Sunday, April 8, 2018

The Advancement of Leona Matic: August 28, 2174

The entire crew of The Warren was still in the ship proper when Annora Ubiña died, which acted to seal off all access to her pocket dimensions. Étude and Saga were expected to be have been in pocket four, which was where they lived, along with Camden Voss, and a group of passengers who posed the least amount of threat to them. Serif had gone into pocket three to explore, but everyone else was capable of still doing their jobs. They were heavy one of the passengers, though. A man named Thando Kovar requested special permission to work dirty jobs on the vessel, saying that he felt uncomfortable being taken back to Earth for free. They agreed to this, but at the moment, he was prime suspect for Annora’s murder, which they confirmed as such after Paige used her cybernetic upgrades to perform a brief autopsy. He was happy to remain locked in one of the cabins, realizing he was the only one they could not fully trust. Unfortunately, the culprit could be anyone. According to as much information as Paige could gather, it was fully possible that Annora was fatally wounded, but remained alive long enough for the killer to escape through one of the pocket entrances before they were closed. There would be no way for them to know, or so they thought.
Hokusai and Leona worked tirelessly for the rest of the day, trying to get back into the pockets, but they were impenetrable. No, it was more like they didn’t exist at all. They could be 99 percent sure that they were still open, and the residents inside were living fairly normal lives. Except for maybe the one that held the murderer. That one could be bad. And it could also be the one Serif was in, or the one where Camden, Saga, and their daughter were in. They absolutely needed to get in, but it was looking impossible. With a defeatist attitude, and a familiar feeling of fatigue that she long ago learned was an occupational hazard, Leona slumped at the once-entrance to pocket three, and fell asleep. Dimensional mechanics being what they were, she was not really closer to Serif than she would be on any other part of the ship, but it was as good as she was going to get. She dreamt of the future, several days from now, when the ship would land. Only then might they find a way to reopen the pocket dimensions, with the help of some salmon or choosing one.
Not long after midnight central hit, she was being woken up by a stranger. She struggled to open her eyes, blinded by the sunlight. She was lying on a beautiful green lawn, but could see buildings in the middle distance. “Are we there already?” she asked.
“No. You’re in pocket three. Have you been here this whole time?”
Wobbly Leona struggled to stand up. “No, I was in the ship. The pockets were sealed off. Hokusai must have figured out how to reopen them.”
“I don’t think that’s what happened,” the man said. “We’ve been stuck here for a year. And still are.”
“No, that’s impossible. I was out there. There’s no way to get in. We tried the whole day.”
“Just a day?” He tilted his lizard brain. “You’re that jumper. The one who only lives one day per year.”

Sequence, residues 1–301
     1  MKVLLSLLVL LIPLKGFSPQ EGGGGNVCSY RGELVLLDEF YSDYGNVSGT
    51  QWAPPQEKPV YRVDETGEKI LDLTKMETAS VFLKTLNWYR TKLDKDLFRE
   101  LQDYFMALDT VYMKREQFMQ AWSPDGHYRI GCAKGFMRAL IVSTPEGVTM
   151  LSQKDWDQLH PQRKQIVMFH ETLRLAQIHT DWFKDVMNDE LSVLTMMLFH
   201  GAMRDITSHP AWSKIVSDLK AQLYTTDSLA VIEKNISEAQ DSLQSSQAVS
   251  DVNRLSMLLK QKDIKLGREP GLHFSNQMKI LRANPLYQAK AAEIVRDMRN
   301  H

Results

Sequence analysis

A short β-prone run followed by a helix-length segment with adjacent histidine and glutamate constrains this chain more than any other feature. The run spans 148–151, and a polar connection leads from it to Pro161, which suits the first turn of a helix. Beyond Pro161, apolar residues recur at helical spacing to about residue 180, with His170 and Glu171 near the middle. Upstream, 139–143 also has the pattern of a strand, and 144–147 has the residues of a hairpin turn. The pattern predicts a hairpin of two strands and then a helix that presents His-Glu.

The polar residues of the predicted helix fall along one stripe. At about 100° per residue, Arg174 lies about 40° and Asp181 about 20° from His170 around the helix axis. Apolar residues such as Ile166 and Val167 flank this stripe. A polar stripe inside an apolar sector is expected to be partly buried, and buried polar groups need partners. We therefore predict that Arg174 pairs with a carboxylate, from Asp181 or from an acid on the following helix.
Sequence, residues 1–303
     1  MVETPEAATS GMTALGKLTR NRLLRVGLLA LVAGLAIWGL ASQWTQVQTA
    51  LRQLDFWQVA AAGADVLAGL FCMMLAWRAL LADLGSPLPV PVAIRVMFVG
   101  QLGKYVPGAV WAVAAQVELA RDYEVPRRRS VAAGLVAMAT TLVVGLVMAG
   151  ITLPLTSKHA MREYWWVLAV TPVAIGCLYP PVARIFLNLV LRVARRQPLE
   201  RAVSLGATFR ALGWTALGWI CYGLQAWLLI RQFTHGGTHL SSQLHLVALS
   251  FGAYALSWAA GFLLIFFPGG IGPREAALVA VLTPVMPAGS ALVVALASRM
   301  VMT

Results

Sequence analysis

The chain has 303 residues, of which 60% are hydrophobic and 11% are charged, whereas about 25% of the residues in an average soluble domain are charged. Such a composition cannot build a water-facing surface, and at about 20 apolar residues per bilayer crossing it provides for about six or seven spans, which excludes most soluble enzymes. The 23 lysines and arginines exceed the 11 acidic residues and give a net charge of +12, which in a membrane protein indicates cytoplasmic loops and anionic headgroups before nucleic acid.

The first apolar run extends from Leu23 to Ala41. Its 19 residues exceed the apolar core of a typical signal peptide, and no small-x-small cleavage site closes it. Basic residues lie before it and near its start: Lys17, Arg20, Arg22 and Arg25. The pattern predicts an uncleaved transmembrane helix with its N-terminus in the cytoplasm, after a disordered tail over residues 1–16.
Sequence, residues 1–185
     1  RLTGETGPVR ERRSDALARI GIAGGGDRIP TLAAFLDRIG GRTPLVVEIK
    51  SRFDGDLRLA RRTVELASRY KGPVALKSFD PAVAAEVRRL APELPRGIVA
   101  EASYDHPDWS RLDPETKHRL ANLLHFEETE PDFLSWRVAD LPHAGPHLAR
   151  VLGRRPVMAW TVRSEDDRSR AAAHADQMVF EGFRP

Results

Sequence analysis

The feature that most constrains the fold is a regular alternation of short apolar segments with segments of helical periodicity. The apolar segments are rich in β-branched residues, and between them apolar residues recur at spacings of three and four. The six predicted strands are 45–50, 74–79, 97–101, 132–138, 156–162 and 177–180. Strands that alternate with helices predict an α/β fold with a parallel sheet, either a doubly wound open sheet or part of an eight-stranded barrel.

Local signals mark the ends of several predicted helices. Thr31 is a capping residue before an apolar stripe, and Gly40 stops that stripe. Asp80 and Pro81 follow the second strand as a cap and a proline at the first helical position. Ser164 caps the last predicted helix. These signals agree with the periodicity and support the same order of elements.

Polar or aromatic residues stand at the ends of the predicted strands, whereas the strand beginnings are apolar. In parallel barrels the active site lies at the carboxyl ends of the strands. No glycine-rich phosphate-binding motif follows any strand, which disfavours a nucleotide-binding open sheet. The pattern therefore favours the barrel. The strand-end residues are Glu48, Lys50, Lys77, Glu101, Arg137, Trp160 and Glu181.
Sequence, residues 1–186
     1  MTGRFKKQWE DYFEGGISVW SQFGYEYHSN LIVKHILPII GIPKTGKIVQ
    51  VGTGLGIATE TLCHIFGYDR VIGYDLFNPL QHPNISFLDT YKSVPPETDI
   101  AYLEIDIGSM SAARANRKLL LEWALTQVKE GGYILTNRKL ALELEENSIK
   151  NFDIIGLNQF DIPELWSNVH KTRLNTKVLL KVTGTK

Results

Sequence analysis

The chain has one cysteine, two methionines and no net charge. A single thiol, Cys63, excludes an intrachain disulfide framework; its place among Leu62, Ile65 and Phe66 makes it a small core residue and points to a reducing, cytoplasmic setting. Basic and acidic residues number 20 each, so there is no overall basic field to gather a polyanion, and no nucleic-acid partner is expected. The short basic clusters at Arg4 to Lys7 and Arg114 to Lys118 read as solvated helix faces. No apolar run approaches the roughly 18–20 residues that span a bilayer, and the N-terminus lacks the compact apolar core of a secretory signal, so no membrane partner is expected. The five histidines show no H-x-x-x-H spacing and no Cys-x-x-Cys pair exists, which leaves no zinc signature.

“Yes. I’m sure the rest of the crew kept working on it since I left. Wait, you said this is pocket three?”
“I was at the entrance when I jumped. Is Serif here?”
At first, he didn’t seem to know who that was, but then remembered. “Oh yeah, the crew rep who was here. Well, she disappeared a year ago. Just like you. There are two of you, I didn’t know that.”
“Where exactly was she when she disappeared?” Leona asked.
“Leona!” she heard Serif’s voice call out to her from the direction of one of the housing units. She was already running towards her.
“Yeah, this isn’t a huge place,” the man said. “It doesn’t take long to find anyone.”
“Serif, you’re here!” Leona said happily.
“I am, what happened?”
“There was—” Leona hesitated, and looked over the man who had found her. This was not for his ears.
“Right...I’m gonna go fix the daytime simulator. I only found you because I came out to investigate why the sun turned on in the middle of the night.”
“What happened?” Serif repeated herself once the man was out of earshot.
“Annora’s dead. Murdered. The suspect is either our custodian, or someone in one of these pockets.”
“Oh my God. I guess that would explain how we got trapped.”
“Yes, but if I can get in, you can get out,” Leona said.
“What about the others?”
“It only works during our timejumps, and only when we’re close to the entrance. So we’ll camp out here for the day, and before midnight, we’ll go to the exit, and wait for it to happen again. We can’t save the others. They won’t fit, and I don’t know if that would work anyway.”
“Leona, you misunderstand. The exit isn’t blocked, or locked. It’s gone. It likely vanished at the same moment Annora died. There’s nowhere to go.” She pointed behind Leona. “You’re looking at a Mario Bros. wrap around. Walk in one direction for long enough, and you end up on the exact opposite side of the dimension. There is no escape.”
This was not good news, but then Leona reached for the gadget on her wrist. “My emergency teleporter. That might take us back to the bridge. Do you still have yours?”